Tabs Out | Arthur Russell – Sketches for World of Echo: June 25, 1984 Live at Ei

Arthur Russell –Sketches for World of Echo: June 25, 1984 Live at Ei

6.25.21 by Matty McPherson

I’ve been here for a year now, so pull up a chair and listen closely when I say that there’s an uncanny kinship between Mark Hollis’ self-titled, Panda Bear’s Young Prayer, and Arthur Russell’s World of Echo. Maybe, if you have heard any of these three albums before you noted those ways each split their acoustics between a wake service and a land beyond here. Gospel music… well, really spiritual music to keep things more general… defined by death and presented by way of hermitude. In my eyes, it constitutes a trilogy of sorts.

For all three artists, their epitaphical albums strike at strange moments. Young Prayer was released right as Animal Collective began a 5 album masterstroke including PB’s euphoric Person Pitch, an album literally overflowing with life; he recorded it in the room where his father died. Mark Hollis fulfilled a contractual obligation akin to a seven year itch, the final statement from a recluse that found a way to flatline any of Talk Talk’s grandeur to its sparsest. World of Echo was the only LP length Russell could actually release before dying of HIV/AIDS complications in 1992. Few albums walk that fine of a line, constructing epitaphic qualities with such grace and intimacy. It’s also all a non-tape trilogy, unfortunately.

Last November though, Audika Records shook up their usual practice, in the process . The label’s 17 years of Arthur Russell estate crate digging has never resulted in either a live performance or cassette release. That is until Sketches For World Of Echo: June 25, 1984 Live At Ei arrived subtly like a message in a bottle last November, killing two birds with one stone. If it sounds like a bootleg that’s too good to be true, then you must be out of your mind! 

In 1986, it was incredibly difficult to extrapolate just what the hell World of Echo sounds like. The album’s deceptive DIY set-up (one 18th century cello, a drum machine, a few effect pedals, and an inscrutable, fleeting voice) share similarities with Rough Trade labelmate Beat Happening at their most abrasive. Although to be fair, both artists were chasing after their own pop fantasies. Nowadays, this outsider pop feels both like a foreshadow of limitless ideas found across a spectrum of tape labels. Sketches for World of Echo thus, functions as crucial context to this novel plane of music. 

Like any good Arthur Russell reissue, it leaves you with a burst of queries to consider, as well as another round of unanswered inquisitions to follow through your own rabbit holes. For, on that June 1984 night, the idea of a World of Echo was coming off of one already aborted album (Corn); this performance carries with it the rollicking feeling of an open invitation, as Russell seeks to explore any and all conceptions of what this set-up could mend itself towards. Thus, the tracklist of this concert tape is legitimately brimming in a most serendipitous manner. On one hand are unreleased compositions that are welcome discoveries, such as the Side A opener “Churning Forest”. Here, Russell carves and cuts away with his glacial cello drone, until the monolithic sound is but a graceful hum. As a thirteen minute opener goes, it has all the sound of fireflies and a night at the swimming hole, a crystalline zone returned to the (previously unreleased) Side B closer, “Sunlit Water”.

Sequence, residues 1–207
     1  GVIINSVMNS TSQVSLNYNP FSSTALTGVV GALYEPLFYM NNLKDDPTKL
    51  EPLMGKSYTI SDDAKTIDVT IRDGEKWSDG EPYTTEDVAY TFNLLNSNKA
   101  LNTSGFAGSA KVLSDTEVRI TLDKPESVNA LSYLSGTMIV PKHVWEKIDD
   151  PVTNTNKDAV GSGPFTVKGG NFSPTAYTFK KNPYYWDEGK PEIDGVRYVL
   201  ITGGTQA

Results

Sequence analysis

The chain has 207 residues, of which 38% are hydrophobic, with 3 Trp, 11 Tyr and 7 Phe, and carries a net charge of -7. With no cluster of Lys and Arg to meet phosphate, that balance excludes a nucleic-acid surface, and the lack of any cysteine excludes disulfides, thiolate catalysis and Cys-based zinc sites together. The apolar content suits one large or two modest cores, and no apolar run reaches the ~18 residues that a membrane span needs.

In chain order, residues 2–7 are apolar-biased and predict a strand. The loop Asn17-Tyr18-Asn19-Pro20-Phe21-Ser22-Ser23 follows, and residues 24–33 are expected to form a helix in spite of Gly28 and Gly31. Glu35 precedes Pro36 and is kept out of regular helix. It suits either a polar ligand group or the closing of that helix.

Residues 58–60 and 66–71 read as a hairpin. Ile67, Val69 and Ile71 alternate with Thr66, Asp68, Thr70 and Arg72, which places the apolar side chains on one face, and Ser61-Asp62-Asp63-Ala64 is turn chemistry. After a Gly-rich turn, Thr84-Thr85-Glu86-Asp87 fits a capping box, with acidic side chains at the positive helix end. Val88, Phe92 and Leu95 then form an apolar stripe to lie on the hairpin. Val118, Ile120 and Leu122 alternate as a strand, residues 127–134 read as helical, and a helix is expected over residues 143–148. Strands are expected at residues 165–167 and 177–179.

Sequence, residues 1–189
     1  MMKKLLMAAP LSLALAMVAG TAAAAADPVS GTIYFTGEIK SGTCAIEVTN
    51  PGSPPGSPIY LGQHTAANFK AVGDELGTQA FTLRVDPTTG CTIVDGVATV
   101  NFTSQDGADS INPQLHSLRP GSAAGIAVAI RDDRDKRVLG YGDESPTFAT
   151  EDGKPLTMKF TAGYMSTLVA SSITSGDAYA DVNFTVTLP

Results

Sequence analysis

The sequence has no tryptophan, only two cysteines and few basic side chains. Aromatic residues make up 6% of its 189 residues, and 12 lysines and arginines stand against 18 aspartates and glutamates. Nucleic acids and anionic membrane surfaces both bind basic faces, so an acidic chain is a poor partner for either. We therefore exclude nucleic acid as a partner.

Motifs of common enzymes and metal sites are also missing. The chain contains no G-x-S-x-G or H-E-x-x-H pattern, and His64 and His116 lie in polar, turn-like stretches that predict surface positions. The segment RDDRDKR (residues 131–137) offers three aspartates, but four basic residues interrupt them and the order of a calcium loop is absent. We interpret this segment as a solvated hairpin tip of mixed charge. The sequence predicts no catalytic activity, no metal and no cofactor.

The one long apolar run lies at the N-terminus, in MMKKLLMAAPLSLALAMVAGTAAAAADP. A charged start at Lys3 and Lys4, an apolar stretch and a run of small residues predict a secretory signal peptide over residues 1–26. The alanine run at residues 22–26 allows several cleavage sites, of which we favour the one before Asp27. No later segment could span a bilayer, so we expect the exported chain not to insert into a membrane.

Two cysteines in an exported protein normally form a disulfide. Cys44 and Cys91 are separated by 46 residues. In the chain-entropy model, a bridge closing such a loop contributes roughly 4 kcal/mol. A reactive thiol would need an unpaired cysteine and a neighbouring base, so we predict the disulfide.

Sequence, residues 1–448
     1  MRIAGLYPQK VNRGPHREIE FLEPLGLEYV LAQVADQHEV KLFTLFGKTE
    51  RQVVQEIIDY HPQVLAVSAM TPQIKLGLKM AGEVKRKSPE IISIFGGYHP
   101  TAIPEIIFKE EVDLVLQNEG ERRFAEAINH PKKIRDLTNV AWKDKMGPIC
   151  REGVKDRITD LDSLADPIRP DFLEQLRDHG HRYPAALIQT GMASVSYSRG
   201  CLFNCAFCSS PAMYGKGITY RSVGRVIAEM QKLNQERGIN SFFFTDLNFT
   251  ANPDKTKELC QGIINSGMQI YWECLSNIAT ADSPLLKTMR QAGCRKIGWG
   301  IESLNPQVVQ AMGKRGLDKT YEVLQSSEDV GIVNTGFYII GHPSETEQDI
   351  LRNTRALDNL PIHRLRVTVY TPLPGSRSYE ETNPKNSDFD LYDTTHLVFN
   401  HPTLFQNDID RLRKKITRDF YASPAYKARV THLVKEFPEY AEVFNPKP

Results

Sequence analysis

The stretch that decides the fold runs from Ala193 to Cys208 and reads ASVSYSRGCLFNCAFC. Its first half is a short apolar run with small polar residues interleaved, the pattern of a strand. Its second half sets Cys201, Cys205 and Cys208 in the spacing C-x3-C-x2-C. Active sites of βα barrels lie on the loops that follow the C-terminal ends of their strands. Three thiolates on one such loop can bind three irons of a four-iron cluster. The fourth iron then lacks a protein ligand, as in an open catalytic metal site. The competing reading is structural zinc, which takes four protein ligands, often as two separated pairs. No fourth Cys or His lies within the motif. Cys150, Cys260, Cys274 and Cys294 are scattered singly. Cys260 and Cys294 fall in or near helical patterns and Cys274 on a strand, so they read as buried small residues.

On the other hand are sketches of tracks to come. “Let’s Go Swimming,” appears as a 6 minute pop voyage that duets between Russell’s falsetto and the brushing of strings against his cello, as “I Take This Time” turns up on Side B as a two minute murmury ballad; both tracks are the only songs to later appear on World of Echo and even on those renditions they feel elastic and open ended. For on the third hand, Russell performs a series of “Echo-ified” variants of tracks caught in a perpetual flux post-Corn. If you know your Russell, then hearing these cuts are bonafide treats. Case in point: “Make 1, 2” appears out of electroclash form, recalibrated into a spiky noise machine that bounces and twists as Russell’s falsetto (and adorable murmur) could sounds less concerned–after all, “he ain’t got no number”. Meanwhile, “They and Their Friends” appears even more “unintelligible,” its wall of sheer noise acting as an inscrutable deterrent towards others.

Yet, the Russell composition I have seemed to be most enamored with in the past half year has to be “Keeping Up.” The Another Thought variant was the only available version for decades, with its two voice melody and cello patterns enacting trance; for many, it may be the definitive take. Yet, Corn unveiled a chipper electropop squeaker that Russell is recalculating by the time of the Sketches concert. His cello playing is still featherweight, as his amp’s glistening feedback recedes. Focused around tantalizingly fleet chord movements that you could sail with, the emphasis then falls towards his simple, yet potent mantra, where his falsetto soars and glistens. When Russell comes close to the microphone and states, “You like it when they look at you; you like it when they can’t catch you…” a boundary collapses. Vocally, it’s not a departure from his “hushed yet serendipitous” style of delivery he excels at across the concert; yet, that lyric delivered in this manner seems to cut through the last 37 years of time. It felt like it could be meant for me, or anyone really; at the core of this song, amongst this concert is a boundless empathy. It was just decades beyond what he nor anyone who was coughing at the Ei could have realized. 

“Unlimited print edition” according to discogs user Knutboy, aka Scott Knutson of Audika Records, at the Arthur Russell bandcamp page. Go crazy!

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